Finding Inspiration After the Loss of an Advocate
This morning I found out that a colleague of mine passed away. Jennifer Jaff was/is a well-known advocate in Connecticut and started her own organization called Advocacy for Patients With Chronic Illnesses (if you went to the most recent Pearl Jam concert in CT like I did, you might have seen her honored on stage for her work). Her death is sad for so many of us because she was the most fierce, dedicated and passionate advocate for people with chronic illnesses I’ve ever had the pleasure to meet.
I had already been thinking lately about how to do more advocacy on behalf of women with disabilities. My younger sister has struggled with interstitial cystitis since age 14, has battled severe endometriosis and has had several surgeries. I have other family members that have struggled with disabilities too but for them, their struggles are more mental than physical (this holds true for me as well).
Jennifer’s passing feels like a call to action for me in many ways. Here on CTWorkingMoms.com’s, it’s made me realize that we are missing a big voice. I keep thinking to myself, how do moms with disabilities or chronic conditions feel about parenting? When I say disability I’m using that term broadly to include women dealing with mental, emotional, and/or physical limitations or struggles. Often times these kinds of struggles/limitations are invisible to the eye. I myself, struggle with chronic anxiety that does, at times, affect my ability to parent my child the way that I want to.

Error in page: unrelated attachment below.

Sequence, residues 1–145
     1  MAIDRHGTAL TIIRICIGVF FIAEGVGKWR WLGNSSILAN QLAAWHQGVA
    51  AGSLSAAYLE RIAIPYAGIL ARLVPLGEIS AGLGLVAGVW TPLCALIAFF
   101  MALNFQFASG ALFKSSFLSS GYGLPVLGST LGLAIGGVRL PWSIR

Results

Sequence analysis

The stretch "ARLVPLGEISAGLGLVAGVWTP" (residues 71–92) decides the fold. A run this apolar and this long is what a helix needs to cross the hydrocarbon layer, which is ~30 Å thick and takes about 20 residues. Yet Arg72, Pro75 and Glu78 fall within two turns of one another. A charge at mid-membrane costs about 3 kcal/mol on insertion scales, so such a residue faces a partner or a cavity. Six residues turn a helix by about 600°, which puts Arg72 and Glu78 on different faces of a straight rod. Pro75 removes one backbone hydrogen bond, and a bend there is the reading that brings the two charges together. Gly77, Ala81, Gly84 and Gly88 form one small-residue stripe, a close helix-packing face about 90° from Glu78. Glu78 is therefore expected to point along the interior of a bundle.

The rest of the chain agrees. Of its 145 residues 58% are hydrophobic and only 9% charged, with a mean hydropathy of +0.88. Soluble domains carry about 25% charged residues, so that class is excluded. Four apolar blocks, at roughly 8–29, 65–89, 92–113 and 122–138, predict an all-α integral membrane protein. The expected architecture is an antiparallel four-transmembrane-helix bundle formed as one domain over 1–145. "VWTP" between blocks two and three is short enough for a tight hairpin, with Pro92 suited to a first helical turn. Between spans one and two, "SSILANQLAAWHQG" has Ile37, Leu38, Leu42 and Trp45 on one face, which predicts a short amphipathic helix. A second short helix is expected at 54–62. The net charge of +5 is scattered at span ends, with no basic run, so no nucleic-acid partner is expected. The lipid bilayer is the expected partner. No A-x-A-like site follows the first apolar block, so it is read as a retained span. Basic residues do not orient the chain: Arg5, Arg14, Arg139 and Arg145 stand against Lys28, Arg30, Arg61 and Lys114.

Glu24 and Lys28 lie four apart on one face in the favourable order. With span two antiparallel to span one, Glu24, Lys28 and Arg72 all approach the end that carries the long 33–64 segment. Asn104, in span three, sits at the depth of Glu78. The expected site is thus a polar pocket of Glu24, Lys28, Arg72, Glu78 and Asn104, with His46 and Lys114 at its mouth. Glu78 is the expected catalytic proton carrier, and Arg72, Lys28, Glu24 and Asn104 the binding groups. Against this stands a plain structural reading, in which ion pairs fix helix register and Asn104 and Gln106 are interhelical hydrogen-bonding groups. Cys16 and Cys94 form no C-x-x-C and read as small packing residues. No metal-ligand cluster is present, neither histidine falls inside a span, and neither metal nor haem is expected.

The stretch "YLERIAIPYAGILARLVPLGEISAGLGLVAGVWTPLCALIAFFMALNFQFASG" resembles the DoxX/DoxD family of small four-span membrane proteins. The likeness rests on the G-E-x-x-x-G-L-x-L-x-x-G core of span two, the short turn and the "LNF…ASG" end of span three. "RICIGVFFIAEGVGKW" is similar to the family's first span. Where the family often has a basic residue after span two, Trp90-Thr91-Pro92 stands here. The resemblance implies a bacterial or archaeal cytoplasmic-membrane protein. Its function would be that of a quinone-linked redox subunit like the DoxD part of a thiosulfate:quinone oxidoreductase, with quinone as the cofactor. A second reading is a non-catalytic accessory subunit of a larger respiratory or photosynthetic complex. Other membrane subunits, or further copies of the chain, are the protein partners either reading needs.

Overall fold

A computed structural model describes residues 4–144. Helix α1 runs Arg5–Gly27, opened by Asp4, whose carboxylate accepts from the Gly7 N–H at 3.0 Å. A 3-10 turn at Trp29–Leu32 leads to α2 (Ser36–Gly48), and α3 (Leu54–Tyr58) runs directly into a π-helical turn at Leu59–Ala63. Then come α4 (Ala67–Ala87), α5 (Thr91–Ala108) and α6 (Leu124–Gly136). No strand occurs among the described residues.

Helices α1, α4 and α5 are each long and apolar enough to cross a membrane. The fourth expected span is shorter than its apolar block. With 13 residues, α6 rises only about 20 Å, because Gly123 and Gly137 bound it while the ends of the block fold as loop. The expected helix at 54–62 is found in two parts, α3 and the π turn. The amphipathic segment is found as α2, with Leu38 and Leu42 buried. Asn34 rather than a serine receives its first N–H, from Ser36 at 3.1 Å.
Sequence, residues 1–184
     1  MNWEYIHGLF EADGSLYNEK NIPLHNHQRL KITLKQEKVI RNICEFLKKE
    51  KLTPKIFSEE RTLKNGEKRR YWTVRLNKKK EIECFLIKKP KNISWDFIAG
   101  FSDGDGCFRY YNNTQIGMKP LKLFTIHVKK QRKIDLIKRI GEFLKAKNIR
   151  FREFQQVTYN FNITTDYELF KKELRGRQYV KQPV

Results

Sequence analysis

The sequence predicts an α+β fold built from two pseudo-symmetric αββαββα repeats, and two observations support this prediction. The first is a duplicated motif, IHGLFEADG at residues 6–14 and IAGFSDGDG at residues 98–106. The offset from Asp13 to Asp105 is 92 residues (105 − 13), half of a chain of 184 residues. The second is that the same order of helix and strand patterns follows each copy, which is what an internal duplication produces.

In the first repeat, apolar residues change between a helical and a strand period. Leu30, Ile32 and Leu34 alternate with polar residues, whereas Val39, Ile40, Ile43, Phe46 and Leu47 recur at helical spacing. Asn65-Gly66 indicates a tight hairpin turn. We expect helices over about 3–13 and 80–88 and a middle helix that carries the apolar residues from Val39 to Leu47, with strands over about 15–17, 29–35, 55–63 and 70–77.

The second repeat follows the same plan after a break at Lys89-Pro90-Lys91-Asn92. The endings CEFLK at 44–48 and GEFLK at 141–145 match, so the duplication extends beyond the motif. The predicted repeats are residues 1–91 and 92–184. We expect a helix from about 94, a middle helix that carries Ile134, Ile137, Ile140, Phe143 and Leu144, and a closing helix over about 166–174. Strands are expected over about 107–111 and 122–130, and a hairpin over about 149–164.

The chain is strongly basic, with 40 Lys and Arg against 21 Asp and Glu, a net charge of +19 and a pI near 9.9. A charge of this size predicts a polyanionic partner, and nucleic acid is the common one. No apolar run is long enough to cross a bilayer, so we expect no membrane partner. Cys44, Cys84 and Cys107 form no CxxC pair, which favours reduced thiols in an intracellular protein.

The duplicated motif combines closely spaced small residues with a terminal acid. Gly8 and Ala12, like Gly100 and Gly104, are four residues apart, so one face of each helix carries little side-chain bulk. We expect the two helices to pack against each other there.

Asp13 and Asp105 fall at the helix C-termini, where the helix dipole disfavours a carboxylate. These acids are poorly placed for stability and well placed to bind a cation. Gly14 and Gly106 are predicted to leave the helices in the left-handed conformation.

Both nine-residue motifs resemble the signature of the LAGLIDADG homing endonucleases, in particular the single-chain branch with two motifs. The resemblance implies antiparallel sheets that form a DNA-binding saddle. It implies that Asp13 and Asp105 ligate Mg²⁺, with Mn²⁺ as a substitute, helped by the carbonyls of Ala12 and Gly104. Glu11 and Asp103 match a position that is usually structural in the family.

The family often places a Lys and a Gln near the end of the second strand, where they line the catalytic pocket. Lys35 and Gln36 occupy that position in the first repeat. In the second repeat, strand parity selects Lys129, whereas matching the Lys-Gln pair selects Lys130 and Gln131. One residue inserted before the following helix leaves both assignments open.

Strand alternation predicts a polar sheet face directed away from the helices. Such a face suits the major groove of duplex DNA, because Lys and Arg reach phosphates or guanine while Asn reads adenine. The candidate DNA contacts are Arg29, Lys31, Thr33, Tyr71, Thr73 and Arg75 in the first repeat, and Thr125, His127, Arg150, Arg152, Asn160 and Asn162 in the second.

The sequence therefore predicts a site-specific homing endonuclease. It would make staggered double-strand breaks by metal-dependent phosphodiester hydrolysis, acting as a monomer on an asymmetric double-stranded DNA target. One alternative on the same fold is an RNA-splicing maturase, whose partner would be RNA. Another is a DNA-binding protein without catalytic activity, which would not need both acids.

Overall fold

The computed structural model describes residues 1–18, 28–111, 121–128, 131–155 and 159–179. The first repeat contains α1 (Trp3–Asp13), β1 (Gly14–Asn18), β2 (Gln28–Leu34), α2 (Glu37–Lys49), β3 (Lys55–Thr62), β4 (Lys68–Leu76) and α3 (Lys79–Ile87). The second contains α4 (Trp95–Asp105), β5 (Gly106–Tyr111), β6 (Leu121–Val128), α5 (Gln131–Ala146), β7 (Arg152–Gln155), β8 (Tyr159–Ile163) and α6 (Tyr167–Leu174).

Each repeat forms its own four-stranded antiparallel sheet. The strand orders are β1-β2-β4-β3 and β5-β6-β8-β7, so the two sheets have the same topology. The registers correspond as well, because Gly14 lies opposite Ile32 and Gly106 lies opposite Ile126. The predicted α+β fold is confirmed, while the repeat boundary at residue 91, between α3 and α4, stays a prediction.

If you’re a mom with Crohn’s Disease or a digestive disorder, how does that affect how you spend time with your kids? If you need to be near a bathroom more often than not, how do you plan family trips? If you are a parent with a chronic disease that causes you intense pain, how to you find the time you need to care for yourself while also giving to your family? If you’re a mom in a wheel chair how does that affect how you bond and play with your kids? What are the unique challenges that this demographic faces and what kind of advocacy can we provide?
I’m going to put some effort into locating some CT-based working moms that are willing to blog here on the site about their struggles managing both their personal disability/illness and the needs of their children/families.
We must do better in giving women with disabilities a voice. They should never feel that their unique needs and concerns are invisible.
What do you think? Would you like to see us sign on one or two new writers to help start bringing a voice to working moms with their own special needs?